Athletic Club Bilbao defender, Andoni Goikoetxea, lunges towards the bushy-haired Argentinian golden boy. It was the start of an acquaintanceship that would end in a similar set of circumstances.
The warm air surrounding Camp Nou was crowded with trepidation and gasps aplenty. The stadium was heaving. The concourses resembled the hustle and bustle of the tree-lined La Rambla street in the height of summer.
Onlookers of a Barcelona persuasion were joined together in worry as their sights fixed on Barcelona’s £5m record signing and the Goikoetxea welcome he was about to receive. September 1983, and we’re smack-bang in the middle of an era where hard tackling is commonplace. A crunching tackle is almost expected by those situated higher up the pitch for their respective sides.
Diego Maradona is cruising in the 3-0 display, but he’s soon to be hounded by Goikoetxea and his set of studs. Now sprawled out on the turf, Maradona’s season looks in jeopardy. A horror tackle belonging to the eighties and one that is somehow only worthy of a yellow card. Camp Nou holds its breath as Barcelona’s talisman clutches his ankle in agony.
Goikoetxea’s reputation in Spain preceded him. A burly, uncompromising mountain of a man. The recklessness of his mistimed tackle played into his destructive narrative and prompted journalists to serve up a new nickname for the hard-hitting defender: the butcher of Bilbao.
Stretchered off down the tunnel with a broken ankle, Maradona would be out of action for the foreseeable future. The butcher had sent the South American, and unbeknownst to him, Barcelona’s title hopes, to the slaughter.
Barcelona manager, Cesar Luis Menotti, calls for Goikoetxea’s head after the game. A plea to Spanish officials to get the centre-half banned from football for life. The enraged Argentinian wanted retrospective action on the heinous crime executed on his compatriot. Menotti went as far as saying the Athletic Club defender was part of a race of ‘anti-footballers.’
This particular anti-footballer would prove a commanding presence on 39 occasions for Spain’s national team and win four pieces of silverware at San Mames. Still, Menotti’s stance on Athletic Club’s football and those who were a part of it led to an unharmonious relationship with Athletic boss Javier Clemente. With the Spanish press utilised as a go-between, both managers regularly voiced their distaste for one another.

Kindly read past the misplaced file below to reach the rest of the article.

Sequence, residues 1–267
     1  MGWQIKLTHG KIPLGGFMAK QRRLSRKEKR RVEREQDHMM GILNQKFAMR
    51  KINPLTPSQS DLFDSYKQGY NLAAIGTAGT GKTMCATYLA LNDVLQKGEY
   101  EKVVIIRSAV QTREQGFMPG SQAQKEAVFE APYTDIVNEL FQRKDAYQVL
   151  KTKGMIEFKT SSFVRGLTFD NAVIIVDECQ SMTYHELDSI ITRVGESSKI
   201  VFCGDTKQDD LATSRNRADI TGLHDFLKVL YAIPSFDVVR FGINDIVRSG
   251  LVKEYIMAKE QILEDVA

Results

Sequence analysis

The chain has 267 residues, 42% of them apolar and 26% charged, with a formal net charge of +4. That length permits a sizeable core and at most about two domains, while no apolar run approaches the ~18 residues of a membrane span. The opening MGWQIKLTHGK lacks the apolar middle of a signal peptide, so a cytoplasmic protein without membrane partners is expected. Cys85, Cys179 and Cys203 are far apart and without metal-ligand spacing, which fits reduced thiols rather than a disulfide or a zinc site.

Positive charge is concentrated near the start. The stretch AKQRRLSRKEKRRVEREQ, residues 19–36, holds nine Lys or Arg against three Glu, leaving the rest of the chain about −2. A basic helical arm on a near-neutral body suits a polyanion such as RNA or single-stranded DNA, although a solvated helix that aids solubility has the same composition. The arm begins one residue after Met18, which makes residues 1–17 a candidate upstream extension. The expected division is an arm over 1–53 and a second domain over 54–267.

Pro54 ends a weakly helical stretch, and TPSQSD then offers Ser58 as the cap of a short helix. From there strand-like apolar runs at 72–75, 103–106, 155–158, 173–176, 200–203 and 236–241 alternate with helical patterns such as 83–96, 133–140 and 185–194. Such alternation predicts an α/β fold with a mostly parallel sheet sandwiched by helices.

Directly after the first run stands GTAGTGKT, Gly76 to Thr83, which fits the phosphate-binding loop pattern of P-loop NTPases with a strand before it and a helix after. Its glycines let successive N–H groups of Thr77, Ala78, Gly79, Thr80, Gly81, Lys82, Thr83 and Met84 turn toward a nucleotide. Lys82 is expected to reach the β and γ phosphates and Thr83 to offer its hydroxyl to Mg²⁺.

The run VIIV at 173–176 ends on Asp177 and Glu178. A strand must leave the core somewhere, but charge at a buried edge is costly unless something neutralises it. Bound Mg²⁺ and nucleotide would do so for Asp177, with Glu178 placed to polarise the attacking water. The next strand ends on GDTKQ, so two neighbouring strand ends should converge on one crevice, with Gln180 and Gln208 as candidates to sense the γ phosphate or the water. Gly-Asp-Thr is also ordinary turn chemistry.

Fit and firing
Thirteen league games later, Barcelona’s star man is back. Maradona returns after the three-month rehabilitation period on the sidelines. The Catalan club had struggled to cope without him, overseeing five wins in thirteen dull Maradona-less games. Barcelona are now third in La Liga, a position they would fail to better all season.
The first game back in front of his adoring fans, and he duly delivered. A brace for the Buenos Aires native as the hosts trump Sevilla 3-1. Osasuna’s 4-2 win over a disappointing Barcelona side in the next game produced another two goals for Maradona. He was fit, and he was firing.
“I am Maradona, who makes goals, who makes mistakes. I can take it all. I have shoulders big enough to fight with everybody.”Diego Maradona
With a glare of intent locked on the upcoming Bilbao fixture, Maradona can only lead his side to draw in Mallorca.
Meanwhile, at the heart of Bilbao’s defensive line, Goikoetxea had played eleven consecutive league games since his eight-match suspension. Menotti didn’t quite get his wish in the end, although justice was arguably served in terms of retrospectively overturning the laughable yellow card for the monstrous tackle in Barcelona.